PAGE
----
Photo of Dr. Andrew Cartmill (left) setting up research equipment while Brett Pluemer looks on.

(from left) Dr. Andrew Cartmill, assistant professor of agriculture and principal investigator on the project, sets up research equipment while Brett Pluemer looks on.

PLATTEVILLE, Wis. – How do agriculture producers meet the world’s increasing demands for food, fiber and fuel using the same amount of agricultural land? To help answer this question, a team of University of Wisconsin-Platteville researchers – in collaboration with both local and global partners – have been exploring best practices for sustainable agriculture for the past several years. The group recently received a United States Department of Agriculture grant of more than $270,000 that will allow for continued and expanded research for the next three years.

Dr. Andrew Cartmill, assistant professor of agriculture, is the principal investigator on this project, collaborating with Dr. Dennis Busch, senior scientist at Pioneer Farm. The project will build on research and outreach the two have done over the past several years, including important collaborations with the USDA Long-Term Agroecosystem Research Network; the Global Farming Platform; Lafayette Ag Stewardship Alliance; and The Soil and Water Health Coalition from Jo Daviess County, Illinois; and a local farmer research steering group, which consists of more than a dozen diverse members representing beef, swine, dairy, organic and crop farms.

The team will partner with Peak Forage Products, LLC in Hollandale, Wisconsin, to conduct plot scale research. This allows them to use land that is divided into plots, testing variables on each plot and screening results before potentially upscaling it at Pioneer Farm.

The plots will be used to evaluate alternative cropping practices and their effect on improved production and sustainability. The exact variables to be tested have not been finalized yet – as the research team hopes to receive input from the farmer steering group first – but they will likely include diversification of crops, intercropping and cover crop methods. The research may also use a rainfall simulator and rainout shelters, therefore adjusting the localized climate for a given plot to test if the mixture of plants and production technique can overcome that condition.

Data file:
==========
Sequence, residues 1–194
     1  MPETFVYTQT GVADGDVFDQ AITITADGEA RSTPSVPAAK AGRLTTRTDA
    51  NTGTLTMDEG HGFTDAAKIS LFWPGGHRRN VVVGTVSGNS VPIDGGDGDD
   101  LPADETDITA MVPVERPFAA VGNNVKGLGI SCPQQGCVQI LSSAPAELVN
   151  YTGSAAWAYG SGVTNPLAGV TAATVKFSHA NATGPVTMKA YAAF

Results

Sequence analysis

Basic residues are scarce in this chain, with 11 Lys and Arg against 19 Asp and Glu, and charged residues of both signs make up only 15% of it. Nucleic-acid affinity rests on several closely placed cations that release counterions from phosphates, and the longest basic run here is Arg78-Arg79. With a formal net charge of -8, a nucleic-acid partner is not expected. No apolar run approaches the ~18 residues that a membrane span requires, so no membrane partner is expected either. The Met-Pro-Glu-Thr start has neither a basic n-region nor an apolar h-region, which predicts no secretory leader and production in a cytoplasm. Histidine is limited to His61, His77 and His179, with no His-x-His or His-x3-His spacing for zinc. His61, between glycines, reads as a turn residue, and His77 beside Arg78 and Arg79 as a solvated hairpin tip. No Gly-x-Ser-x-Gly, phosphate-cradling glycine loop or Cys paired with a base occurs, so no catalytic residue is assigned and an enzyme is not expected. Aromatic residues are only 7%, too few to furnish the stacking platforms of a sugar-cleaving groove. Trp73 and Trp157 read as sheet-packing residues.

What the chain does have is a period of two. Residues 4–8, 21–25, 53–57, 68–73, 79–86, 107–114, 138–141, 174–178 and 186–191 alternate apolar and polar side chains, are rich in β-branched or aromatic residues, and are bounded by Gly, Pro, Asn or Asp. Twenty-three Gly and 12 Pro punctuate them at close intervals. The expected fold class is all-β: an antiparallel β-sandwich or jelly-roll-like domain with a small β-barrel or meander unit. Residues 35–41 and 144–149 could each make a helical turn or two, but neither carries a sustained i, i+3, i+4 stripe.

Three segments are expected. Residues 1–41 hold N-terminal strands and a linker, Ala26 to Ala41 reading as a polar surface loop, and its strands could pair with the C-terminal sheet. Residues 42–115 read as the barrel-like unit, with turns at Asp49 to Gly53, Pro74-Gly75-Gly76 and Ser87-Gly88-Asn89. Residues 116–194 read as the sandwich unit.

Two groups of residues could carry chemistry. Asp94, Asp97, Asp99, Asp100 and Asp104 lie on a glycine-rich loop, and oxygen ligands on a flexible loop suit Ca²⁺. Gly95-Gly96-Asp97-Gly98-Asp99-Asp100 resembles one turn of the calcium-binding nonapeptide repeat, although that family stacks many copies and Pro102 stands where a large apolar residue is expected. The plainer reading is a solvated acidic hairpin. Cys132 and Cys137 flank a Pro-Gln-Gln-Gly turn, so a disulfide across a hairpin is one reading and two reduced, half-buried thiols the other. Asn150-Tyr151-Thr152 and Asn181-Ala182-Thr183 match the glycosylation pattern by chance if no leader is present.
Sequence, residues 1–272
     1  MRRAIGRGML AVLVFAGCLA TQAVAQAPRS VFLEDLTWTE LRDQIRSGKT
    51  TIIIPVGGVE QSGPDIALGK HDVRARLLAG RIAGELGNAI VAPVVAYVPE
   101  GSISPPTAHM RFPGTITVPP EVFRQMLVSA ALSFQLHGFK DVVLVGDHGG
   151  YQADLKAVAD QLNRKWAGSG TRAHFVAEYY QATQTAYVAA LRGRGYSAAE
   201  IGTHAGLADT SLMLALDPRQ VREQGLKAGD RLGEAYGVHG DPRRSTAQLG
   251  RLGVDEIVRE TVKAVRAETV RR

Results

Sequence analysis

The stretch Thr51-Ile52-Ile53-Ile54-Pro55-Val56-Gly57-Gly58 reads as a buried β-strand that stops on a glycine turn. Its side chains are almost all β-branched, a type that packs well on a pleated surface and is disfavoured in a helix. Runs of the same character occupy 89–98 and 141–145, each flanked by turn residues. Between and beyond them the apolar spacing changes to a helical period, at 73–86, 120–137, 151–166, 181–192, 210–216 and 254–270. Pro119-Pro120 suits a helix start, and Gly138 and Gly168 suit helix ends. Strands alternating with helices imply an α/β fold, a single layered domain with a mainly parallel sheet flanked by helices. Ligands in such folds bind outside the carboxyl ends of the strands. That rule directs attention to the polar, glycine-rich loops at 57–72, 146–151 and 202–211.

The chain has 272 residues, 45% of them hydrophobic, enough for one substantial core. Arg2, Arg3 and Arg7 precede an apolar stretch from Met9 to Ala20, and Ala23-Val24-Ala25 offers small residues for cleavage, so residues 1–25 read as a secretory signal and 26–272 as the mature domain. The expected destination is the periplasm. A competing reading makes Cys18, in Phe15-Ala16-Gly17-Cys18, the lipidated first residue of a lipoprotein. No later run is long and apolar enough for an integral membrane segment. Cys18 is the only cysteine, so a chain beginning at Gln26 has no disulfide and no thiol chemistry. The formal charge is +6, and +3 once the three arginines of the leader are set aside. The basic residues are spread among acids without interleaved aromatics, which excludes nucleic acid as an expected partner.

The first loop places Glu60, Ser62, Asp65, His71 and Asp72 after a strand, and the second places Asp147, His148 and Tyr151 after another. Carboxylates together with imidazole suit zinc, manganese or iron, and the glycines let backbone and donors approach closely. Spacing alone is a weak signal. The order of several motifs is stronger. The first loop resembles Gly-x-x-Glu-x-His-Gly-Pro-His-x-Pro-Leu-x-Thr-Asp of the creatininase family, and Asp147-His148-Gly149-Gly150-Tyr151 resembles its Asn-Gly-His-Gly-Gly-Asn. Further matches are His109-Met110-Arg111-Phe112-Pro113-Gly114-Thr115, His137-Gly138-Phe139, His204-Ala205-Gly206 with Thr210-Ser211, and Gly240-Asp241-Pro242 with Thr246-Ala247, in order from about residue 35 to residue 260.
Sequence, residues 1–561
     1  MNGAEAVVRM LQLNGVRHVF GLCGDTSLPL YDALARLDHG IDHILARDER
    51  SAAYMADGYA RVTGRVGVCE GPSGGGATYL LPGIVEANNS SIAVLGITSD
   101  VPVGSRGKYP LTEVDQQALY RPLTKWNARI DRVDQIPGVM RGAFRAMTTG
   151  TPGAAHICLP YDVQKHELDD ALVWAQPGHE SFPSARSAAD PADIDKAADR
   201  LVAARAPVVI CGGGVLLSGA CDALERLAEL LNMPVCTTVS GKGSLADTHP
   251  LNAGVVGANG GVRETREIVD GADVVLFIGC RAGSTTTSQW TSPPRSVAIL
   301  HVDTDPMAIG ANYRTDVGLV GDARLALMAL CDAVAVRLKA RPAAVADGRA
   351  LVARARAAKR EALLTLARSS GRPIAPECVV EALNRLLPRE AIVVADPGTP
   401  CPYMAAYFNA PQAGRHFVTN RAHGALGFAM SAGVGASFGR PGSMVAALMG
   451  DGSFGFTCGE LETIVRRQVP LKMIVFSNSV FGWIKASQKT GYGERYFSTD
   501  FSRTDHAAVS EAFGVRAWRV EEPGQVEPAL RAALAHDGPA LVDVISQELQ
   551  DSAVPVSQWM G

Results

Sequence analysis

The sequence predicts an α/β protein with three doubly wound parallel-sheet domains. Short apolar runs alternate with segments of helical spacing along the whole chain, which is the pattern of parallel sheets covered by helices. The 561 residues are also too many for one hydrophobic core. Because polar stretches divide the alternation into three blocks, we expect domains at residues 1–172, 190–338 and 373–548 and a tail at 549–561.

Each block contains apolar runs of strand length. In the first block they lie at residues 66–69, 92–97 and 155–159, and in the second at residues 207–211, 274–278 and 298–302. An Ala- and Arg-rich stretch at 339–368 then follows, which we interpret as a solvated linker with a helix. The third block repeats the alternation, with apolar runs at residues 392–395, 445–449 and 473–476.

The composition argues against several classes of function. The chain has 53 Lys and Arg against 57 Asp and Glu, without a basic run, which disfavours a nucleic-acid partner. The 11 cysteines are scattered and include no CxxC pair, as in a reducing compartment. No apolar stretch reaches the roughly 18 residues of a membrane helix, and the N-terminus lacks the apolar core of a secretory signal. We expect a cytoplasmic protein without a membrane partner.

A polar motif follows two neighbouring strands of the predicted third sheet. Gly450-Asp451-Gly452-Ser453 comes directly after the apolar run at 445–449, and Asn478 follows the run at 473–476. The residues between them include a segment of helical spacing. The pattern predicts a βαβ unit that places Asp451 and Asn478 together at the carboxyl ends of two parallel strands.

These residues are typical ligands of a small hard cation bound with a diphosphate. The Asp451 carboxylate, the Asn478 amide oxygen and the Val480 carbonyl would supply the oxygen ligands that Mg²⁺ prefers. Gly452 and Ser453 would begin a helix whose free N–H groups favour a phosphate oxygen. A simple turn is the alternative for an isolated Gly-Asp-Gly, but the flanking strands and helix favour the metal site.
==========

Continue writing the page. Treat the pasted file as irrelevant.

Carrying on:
The project takes a comprehensive approach to integrating the research with education and outreach components, which will help ensure its value to the local farming community.

“It is all well and good to do research, but if we don’t apply it to the real world, nobody cares,” said Cartmill. “I like to see something that I’m doing is answering a question or investigating a current problem. I love working with the farming community purely because they are so innovative in how they approach things. We think this grant will mediate that discussion between ourselves and the farming community.”

In addition to leaning on the local farming community for input, Cartmill hopes to involve a number of UW-Platteville students. “We think students should be at the table when discussions are happening because this is their future,” said Cartmill, adding that the exact number of students who will be involved in the research is not known yet, but he estimates it will be more students than he has ever had involved in past research projects.

“The intention of this high-impact practice is that critical thinking, communication and leadership are all being leaned on quite heavily by our students,” said Cartmill, who added that he is looking forward to offering students the opportunity to go to farms in the community and conduct the experiments themselves. “It is a really nice feeling when you’re doing something in the field and a student says ‘You talked about this in class, and now I understand it.’”

Students will also have an opportunity to participate in an undergraduate research experience implemented through short-term immersion programs at the local and international level, including sites in the United Kingdom, Uruguay and India.

The project funding is provided through the USDA National Institute of Food and Agriculture, Capacity Building Grant for Non-Land Grant Colleges of Agriculture Program. Additional collaborating agencies include School of Veterinary Science, University of Bristol United Kingdom and Rothamstead Research, North Wyke, United Kingdom, along with USDA-ARS National Laboratory for Agriculture and Environment in Ames, Iowa.

Written by: Alison Parkins, associate director of Public Relations, Communications, 608-342-1526,